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Duck Creek Quarry Park closed until further notice

By Kevin Boneske
Staff Writer

HOWARD – The village board doesn’t want Duck Creek Quarry Park to get crowded this summer if other swimming areas close because of COVID-19.

The board unanimously voted Monday, May 11, to close the quarry until further notice, subject to the board voting to reopen it.

That means people won’t be able to swim, kayak, fish, etc, in the quarry’s swimming area until at least after the next board meeting June 8.

Director of Public Safety Ed Janke and Village Administrator Paul Evert informed the board about a potential crowding situation at the quarry, where it could be difficult keeping people spread apart to prevent the virus from spreading should other locations not open.

Howard Director of Public Safety Ed Janke, left, and Village Administrator Paul Evert discuss options with the Howard village board Monday, May 11, for closing the Duck Creek Quarry Park to prevent the spread of the COVID-19 virus.

“We are concerned that the pressure on our quarry, if we’re the only place open, would be extremely great,” Evert said.

Evert said he can’t envision being able to handle the amount of people who would go there, if it’s the only open place to go swimming.

He said the village would have to staff the quarry to keep people physically separated and behaved.

Evert suggested keeping other areas of the quarry open, such as letting people use the dock area on the northeast side to put a kayak in and fish.

“We really could envision large crowds coming on a hot day now,” he said. “You never know, it might not get warm between now and our next board meeting, but in the event it does, we want to be prepared.”

Board members discussed the possibility of having the quarry open for swimming with limited hours.

Trustee Cathy Hughes said two of her constituents are part of a group that swims at the quarry for exercise early in the mornings.

“I know this might affect them,” she said. “However, they’re not on the beach with the crowd. They’re in at certain times.”

Other board members said there could be problems with enforcement by allowing limited access to the water.

Trustee Adam Lemorande said he favored keeping the quarry “100 percent closed.”

“I know we’re talking about some taxpayers,” he said. “The bottom line is if it’s open for a few, it should be open for them all. If it’s closed, it should be closed for all. I would say if we’re closing it, let’s close it 24 hours a day and make it very evident that it’s closed. That way, when anybody’s using it, they are somewhat trespassing, and there shouldn’t be a gray area.”

Trustee Scott Beyer said he agreed with closing the quarry, because it could attract a crowd by being “the only aquatic facility that’s open.”

“Then we’re going to get a lot of swimmers from all over,” he said. “I think it almost has to be an all-or-none situation. Otherwise, it’s going to be too hard to monitor, too hard to police, too hard to patrol.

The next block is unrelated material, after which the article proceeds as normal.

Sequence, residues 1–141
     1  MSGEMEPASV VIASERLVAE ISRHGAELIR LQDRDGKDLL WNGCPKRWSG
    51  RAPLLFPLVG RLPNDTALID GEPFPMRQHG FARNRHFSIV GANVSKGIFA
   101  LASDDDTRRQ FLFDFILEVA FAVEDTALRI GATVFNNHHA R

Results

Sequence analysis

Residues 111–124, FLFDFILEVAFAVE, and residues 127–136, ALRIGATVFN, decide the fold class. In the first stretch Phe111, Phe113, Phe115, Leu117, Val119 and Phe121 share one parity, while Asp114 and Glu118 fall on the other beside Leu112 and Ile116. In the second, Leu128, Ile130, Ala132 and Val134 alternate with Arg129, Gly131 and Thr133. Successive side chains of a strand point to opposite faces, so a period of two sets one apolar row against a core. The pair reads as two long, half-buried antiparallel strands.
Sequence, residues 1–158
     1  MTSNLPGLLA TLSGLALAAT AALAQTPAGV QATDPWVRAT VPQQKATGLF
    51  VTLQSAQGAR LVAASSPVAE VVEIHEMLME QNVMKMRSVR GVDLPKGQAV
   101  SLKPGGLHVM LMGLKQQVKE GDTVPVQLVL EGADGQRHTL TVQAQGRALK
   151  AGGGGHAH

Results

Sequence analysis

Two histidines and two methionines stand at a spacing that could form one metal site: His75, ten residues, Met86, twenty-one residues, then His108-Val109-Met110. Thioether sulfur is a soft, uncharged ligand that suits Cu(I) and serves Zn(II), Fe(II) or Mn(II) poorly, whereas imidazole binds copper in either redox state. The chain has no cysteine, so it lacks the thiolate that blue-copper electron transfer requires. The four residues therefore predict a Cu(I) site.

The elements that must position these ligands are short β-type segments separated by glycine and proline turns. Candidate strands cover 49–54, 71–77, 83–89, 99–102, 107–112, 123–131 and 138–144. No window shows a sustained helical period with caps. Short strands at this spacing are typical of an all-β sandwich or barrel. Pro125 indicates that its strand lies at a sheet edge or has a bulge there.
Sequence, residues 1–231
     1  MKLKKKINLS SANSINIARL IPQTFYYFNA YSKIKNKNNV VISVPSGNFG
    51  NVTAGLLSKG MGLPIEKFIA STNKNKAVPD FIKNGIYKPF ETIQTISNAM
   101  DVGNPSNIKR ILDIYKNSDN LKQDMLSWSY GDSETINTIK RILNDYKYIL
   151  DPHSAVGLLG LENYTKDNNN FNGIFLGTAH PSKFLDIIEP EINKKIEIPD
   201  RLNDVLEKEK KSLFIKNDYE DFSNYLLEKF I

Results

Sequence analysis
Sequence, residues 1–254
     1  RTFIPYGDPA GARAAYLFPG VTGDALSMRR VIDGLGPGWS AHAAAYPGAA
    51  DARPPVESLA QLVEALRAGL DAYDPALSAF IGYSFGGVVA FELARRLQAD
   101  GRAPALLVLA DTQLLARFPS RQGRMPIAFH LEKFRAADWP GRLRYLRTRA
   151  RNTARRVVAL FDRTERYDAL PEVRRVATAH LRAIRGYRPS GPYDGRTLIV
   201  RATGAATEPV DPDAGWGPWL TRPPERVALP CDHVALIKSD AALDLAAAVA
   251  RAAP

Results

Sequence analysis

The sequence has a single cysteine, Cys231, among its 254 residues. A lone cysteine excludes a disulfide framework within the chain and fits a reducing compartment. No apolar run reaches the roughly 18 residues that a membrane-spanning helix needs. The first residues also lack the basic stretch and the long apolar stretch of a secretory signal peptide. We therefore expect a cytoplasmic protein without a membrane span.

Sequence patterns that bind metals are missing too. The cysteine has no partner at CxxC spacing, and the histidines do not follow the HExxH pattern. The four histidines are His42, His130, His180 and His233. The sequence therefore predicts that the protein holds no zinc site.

Trustee Chris Nielsen said he kayaks at the quarry, but favored closing it entirely, because of the difficulty of enforcing a partial opening.

“You could have 30 people in kayaks tied together out in the middle of the lake,” he said. “Who’s going to go after them?”

Trustee John Muraski introduced the motion unanimously approved to close the quarry and related parking area until further board action is taken.

Evert said the possibility of reopening the quarry will be on the board’s agenda June 8.

Other closures

The board’s action comes in anticipation of other nearby swimming areas likely being closed this summer, but Ashwaubenon Parks, Recreation and Forestry Director Rex Mehlberg said no official determination has been made as to when Ashwaubomay Lake could open.

“As with many other facilities in Wisconsin, we are monitoring the COVID-19 situation and trying to determine what we can and cannot do,” he said. “When an official decision has been made, we will put out an announcement. Right now, we are in a wait-and-see mode.”

Mehlberg said the Village of Ashwaubenon needs to “make sure that the safety of our visitors and the staff are fully taken into consideration.”

“That means reviewing recommendations from the CDC on safety gear, procedures, as well as the COVID-19 situation in Brown County,” he said.

As for Bay Beach, where state grant money was awarded in 2019 to improve the shoreline with the hope the beach could reopen this year, the Green Bay Parks, Recreation and Forestry Department said it is currently closed due to COVID-19.

Evert said the hope was a new beach at Bay Beach would open this year to take some pressure off Duck Creek Quarry.

Park ranger

Once the quarry opens, the board has created a park ranger position to monitor and conduct enforcement activities there and in other Howard parks.

Janke said he believes a park ranger who can issue citations will be more effective in maintaining a safe and secure environment than last year when security staff had been present to monitor the quarry.

“I think that presence down there, and maybe use one of our marked squad cars and park it in the parking lot, I think that will have a little more effect on some of the behavior that’s been ongoing down there,” he said.

Of all the problems last year at the quarry, Janke said only one involved a village resident.

He said hiring a park ranger won’t have an effect on the budget with $17,100 already allocated to provide security at the quarry.

Janke said the position would likely be staffed by retired law enforcement officers.

He said a park ranger would be implemented once the quarry opens.

The board also approved amending the municipal code to specifically list a park ranger among the village officials authorized to issue citations.

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